• If you’re interested in learning Puppet, there are a great many resources out there; in fact, I’ve already mentioned many of them in previous posts. I recently came across these Example42 Puppet Tutorials. I haven’t had the chance to review them myself yet, but it looks like they might be a useful resource as well.
  • Speaking of Puppet, the puppet-lint tool is very handy for ensuring that your Puppet manifest syntax is correct and follows the style guidelines. The tool has recently been updated to help fix issues as well. Read here for more information.

Storage

  • Greg Schulz (aka StorageIO) has a couple of VMware storage tips posts you might find useful reading. Part 1 is here, part 2 is here. Enjoy!
  • Amar Kapadia suggests that adding LTFS to Swift might create an offering that could give AWS Glacier a real run for the money.
  • Gluster interests me. Perhaps it shouldn’t, but it does. For example, the idea of hosting VMs on Gluster (similar to the setup described here) seems quite interesting, and the work being done to integrate KVM/QEMU with Gluster also looks promising. If I can ever get my home lab into the right shape, I’m going to do some testing with this. Anyone done anything with Gluster?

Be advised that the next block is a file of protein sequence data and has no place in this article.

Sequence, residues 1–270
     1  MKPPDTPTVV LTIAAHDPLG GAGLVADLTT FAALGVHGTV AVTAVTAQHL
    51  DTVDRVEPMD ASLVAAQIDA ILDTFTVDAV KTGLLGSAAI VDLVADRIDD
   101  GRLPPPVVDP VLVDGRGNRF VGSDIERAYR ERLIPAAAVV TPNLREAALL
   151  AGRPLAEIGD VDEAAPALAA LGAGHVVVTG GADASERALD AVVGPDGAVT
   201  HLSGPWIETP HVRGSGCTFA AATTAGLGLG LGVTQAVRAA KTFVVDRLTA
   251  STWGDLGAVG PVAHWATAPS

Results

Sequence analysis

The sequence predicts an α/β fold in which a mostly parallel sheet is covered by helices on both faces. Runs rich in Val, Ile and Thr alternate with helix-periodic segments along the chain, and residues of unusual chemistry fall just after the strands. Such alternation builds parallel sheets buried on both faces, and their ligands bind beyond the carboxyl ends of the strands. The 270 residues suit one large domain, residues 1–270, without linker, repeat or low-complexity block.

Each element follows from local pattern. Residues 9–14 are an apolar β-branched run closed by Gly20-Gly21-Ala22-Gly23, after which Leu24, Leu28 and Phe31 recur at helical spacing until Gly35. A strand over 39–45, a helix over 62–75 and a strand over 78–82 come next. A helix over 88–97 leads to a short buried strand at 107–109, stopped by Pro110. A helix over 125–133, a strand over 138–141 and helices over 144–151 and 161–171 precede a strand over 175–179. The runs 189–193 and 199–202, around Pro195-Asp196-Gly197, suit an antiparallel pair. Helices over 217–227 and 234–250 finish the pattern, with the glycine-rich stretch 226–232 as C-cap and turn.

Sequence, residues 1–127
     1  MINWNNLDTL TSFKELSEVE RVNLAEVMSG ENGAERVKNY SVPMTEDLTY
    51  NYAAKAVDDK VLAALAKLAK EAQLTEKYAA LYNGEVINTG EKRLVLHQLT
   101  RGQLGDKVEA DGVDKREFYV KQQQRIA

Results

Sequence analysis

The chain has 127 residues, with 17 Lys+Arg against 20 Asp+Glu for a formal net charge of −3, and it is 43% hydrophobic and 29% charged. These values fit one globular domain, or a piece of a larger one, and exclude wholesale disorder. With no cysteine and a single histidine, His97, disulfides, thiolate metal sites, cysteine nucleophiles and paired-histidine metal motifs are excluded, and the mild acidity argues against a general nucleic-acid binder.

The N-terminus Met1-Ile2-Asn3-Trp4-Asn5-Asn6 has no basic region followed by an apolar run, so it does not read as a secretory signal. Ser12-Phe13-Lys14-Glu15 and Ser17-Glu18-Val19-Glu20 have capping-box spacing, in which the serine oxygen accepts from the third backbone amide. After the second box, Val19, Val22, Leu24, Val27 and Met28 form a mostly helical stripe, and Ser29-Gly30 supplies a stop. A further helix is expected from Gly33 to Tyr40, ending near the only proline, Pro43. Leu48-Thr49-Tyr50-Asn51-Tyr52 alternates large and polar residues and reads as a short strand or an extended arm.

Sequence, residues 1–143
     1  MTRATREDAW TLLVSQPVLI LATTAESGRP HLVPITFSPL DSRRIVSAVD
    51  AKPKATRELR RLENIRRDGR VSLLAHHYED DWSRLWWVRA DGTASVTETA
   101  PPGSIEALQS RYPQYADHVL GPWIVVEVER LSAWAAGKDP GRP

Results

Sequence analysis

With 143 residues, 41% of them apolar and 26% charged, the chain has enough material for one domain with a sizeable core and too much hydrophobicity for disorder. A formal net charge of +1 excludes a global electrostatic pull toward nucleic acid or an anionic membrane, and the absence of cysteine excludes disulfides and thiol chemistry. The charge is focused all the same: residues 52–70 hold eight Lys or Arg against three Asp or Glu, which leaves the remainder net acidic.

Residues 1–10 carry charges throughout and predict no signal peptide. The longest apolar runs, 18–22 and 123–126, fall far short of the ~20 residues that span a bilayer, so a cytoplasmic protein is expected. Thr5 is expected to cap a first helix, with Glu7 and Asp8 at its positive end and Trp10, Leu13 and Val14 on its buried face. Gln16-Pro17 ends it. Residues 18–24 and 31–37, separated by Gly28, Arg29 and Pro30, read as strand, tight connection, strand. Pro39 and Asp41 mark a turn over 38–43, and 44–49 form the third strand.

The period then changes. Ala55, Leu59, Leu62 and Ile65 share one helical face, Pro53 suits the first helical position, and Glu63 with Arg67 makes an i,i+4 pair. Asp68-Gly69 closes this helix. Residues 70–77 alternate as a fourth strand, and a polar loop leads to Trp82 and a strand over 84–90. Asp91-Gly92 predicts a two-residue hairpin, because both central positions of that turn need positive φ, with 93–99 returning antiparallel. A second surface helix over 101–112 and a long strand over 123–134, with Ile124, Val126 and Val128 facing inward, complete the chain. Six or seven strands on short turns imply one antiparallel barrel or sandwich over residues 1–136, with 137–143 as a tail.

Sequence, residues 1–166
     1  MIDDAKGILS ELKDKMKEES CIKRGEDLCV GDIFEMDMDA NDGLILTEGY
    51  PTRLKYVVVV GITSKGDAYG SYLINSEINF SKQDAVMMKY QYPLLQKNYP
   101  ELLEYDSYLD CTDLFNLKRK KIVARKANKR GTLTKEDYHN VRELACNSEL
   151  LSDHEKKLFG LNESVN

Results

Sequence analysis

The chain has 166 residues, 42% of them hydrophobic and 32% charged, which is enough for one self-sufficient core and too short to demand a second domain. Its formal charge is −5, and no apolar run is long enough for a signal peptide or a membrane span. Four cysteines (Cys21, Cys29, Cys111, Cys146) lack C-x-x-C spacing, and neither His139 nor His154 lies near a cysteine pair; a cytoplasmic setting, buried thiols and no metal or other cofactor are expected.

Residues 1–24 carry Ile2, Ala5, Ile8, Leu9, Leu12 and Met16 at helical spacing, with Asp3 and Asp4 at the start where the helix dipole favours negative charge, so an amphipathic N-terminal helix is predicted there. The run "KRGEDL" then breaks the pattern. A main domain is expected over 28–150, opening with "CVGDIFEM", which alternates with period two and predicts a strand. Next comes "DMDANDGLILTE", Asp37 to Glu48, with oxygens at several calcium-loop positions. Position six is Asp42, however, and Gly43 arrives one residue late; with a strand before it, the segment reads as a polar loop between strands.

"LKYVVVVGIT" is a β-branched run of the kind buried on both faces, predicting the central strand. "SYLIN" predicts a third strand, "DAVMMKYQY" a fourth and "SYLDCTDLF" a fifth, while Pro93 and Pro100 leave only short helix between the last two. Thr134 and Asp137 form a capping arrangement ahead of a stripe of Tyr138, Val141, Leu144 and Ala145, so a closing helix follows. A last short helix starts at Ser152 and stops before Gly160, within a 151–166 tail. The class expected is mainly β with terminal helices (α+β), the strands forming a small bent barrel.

• Erik Smith has a very informative write-up on why FIP snooping is important when using FCoE.
  • Via this post on ten useful OpenStack Swift features, I found this page on how to build the “Swift All in One,” a useful VM for learning all about Swift.

Virtualization

  • There’s no GUI for it, but it’s kind of cool that you can indeed create VM anti-affinity rules in Hyper-V using PowerShell. This is another example of how Hyper-V continues to get more competent. Ignore Microsoft and Hyper-V at your own risk…
  • Frank Denneman takes a quick look at using user-defined NetIOC network resource pools to isolate and protect IP-based storage traffic from within the guest (i.e., using NFS or iSCSI from within the guest OS, not through the VMkernel). Naturally, this technique could be used to “protect” or “enhance” other types of important traffic flows to/from your guest OS instances as well.